IUPAC System of Nomenclature

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1 IUPAC System of Nomenclature The IUPAC (International Union of Pure and Applied Chemistry) is composed of chemists representing the national chemical societies of several countries. ne committee of the IUPAC, the Commission on Nomenclature of rganic Chemistry, has set a system for naming organic compounds. The last syllable in the name of a compound designates the family to which it belongs. The alkanes all end in -ane. Naming Alkanes 1. The name ending for all alkanes (and cycloalkanes) is -ane. 2. The parent chain is the longest continuous chain of carbons in the structure. For example, the branchedchain alkane: C 2 CC 2 C 2 is regarded as being "made" from the following parent: C 2 C 2 C 2 C 2 by replacing an on the third C from the left with. 3. A prefix that specifies the number of carbon atoms in the parent chain is attached to the name ending, - ane. These prefixes up to 10 carbon atoms are and should be learned: meth- 1 C hex- 6 C eth- 2 C hept- 7 C prop- 3 C oct- 8 C but- 4 C non- 9 C pent- 5 C dec- 10 C The parent chain in the example above has 6 carbon atoms, therefore, it is a derivative of hexane. 4. The carbon atoms of the parent chain are numbered starting from whichever end of the chain gives the location of the first branch the lower of two possible numbers. For the example above, the correct direction is from left to right. C 2 CC 2 C The branch is therefore located on the 3rd carbon. If it was numbered from right to left, the branch would be located on the 4th carbon, which is a higher number, which is not allowed by IUPAC. 5. Name each branch attached to the parent chain according to alkyl groups. In this case, the branch would be methyl. 6. Attach the name of the alkyl group to the name of the parent as a prefix. Place the location number of the alkyl group in front of the resulting name. In this case, it would be 3-methylhexane. 1

2 7. When two or more groups are attached to the parent, name each and locate each with a number. The alkyl substituent names are assembled in alphabetical order. Always use hyphens when separating numbers from words. The following is 4-ethyl-2-methylheptane: C 2 C 2 C 2 CC 2 C When two or more substituents are identical, use prefixes such as di- (2), tri- (3), tetra- (4), and specifiy the location number of every group. Always separate a number from another number in a name by a comma. The following is 2,4-dimethylhexane: CC 2 CC 2 9. When identical groups are on the same carbon, repeat the number of the carbon in the name. The following is 2,2-dimethylpentane: CC 2 C Sometimes, you may need to go around corners and zigzag to find the longest (parent) chain. The following is 3,4-dimethylheptane: C 2 CC 2 C 2 C 11. Monocyclic alkanes or alkenes, those where the carbon chain forms a single closed ring, are named by putting the prefix cyclo- in front of the name based on the number of carbons in the ring. All other rules for substituents and numbering are the same, and written as prefixes to the ring name. propylcyclopentane Br 2 Br 1,3-dibromo-5-methylcyclohexane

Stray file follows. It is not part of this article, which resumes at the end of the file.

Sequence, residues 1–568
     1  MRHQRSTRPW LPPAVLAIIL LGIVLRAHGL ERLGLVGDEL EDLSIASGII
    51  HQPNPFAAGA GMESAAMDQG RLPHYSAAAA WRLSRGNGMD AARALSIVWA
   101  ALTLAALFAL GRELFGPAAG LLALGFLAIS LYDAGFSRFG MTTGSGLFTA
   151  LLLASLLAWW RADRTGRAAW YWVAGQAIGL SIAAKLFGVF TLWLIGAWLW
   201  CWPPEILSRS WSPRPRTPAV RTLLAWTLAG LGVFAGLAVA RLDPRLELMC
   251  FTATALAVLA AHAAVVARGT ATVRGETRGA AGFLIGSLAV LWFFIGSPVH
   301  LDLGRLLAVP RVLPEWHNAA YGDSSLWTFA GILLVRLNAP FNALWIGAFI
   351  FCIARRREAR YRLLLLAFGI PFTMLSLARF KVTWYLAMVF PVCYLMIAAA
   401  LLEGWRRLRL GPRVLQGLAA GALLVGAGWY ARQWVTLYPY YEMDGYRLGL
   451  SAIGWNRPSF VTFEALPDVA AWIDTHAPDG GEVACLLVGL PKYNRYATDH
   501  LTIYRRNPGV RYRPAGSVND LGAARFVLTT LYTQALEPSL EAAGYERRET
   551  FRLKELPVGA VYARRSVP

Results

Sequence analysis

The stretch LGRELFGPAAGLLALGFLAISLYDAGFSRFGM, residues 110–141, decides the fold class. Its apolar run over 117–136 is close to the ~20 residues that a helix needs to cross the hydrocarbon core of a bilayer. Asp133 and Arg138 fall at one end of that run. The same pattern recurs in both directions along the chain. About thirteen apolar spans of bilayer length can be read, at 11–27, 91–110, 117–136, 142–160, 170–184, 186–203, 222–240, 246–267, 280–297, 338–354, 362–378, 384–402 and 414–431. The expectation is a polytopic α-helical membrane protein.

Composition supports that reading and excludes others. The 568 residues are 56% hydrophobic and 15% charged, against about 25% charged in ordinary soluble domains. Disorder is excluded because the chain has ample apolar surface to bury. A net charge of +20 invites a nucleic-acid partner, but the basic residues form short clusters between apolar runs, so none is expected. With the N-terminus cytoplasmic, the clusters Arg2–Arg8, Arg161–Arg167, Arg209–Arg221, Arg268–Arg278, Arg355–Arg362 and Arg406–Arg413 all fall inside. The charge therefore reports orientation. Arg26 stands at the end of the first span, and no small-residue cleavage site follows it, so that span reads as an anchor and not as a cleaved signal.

3 Naming Alkenes The rules for naming alkenes are basically the same as those of alkanes (see previous section), but with two differences. The parent chain must include the double bond even if it makes it shorter than the others. And the parent alkene chain must be numbered from whichever end gives the first carbon of the double bond the lower of two possible numbers. Also, the location number should be given as to where the double bond is (except ethene or propene, where the location will always be 1). The alkenes all end in -ene. For example: C 2 CC C C butene 2-butene C CC 2 CC 2 2,5-dimethyl-2-heptene Alkanes which have two double bonds are dienes, those with three are trienes, and so forth. Each double bond has to be located by a number. C 2 CC C 1,3-pentadiene C 2 CC 2 C C 2 1,4-pentadiene C 2 CC CC C 2 1,3,5-hexatriene Naming Benzene Derivatives Simple derivatives of benzene are named by denoting the names and position numbers of substituents on the ring. Proper numbering of carbons in the ring is that which gives the smallest numbers. Cl 1-chloro-3-ethylbenzene 3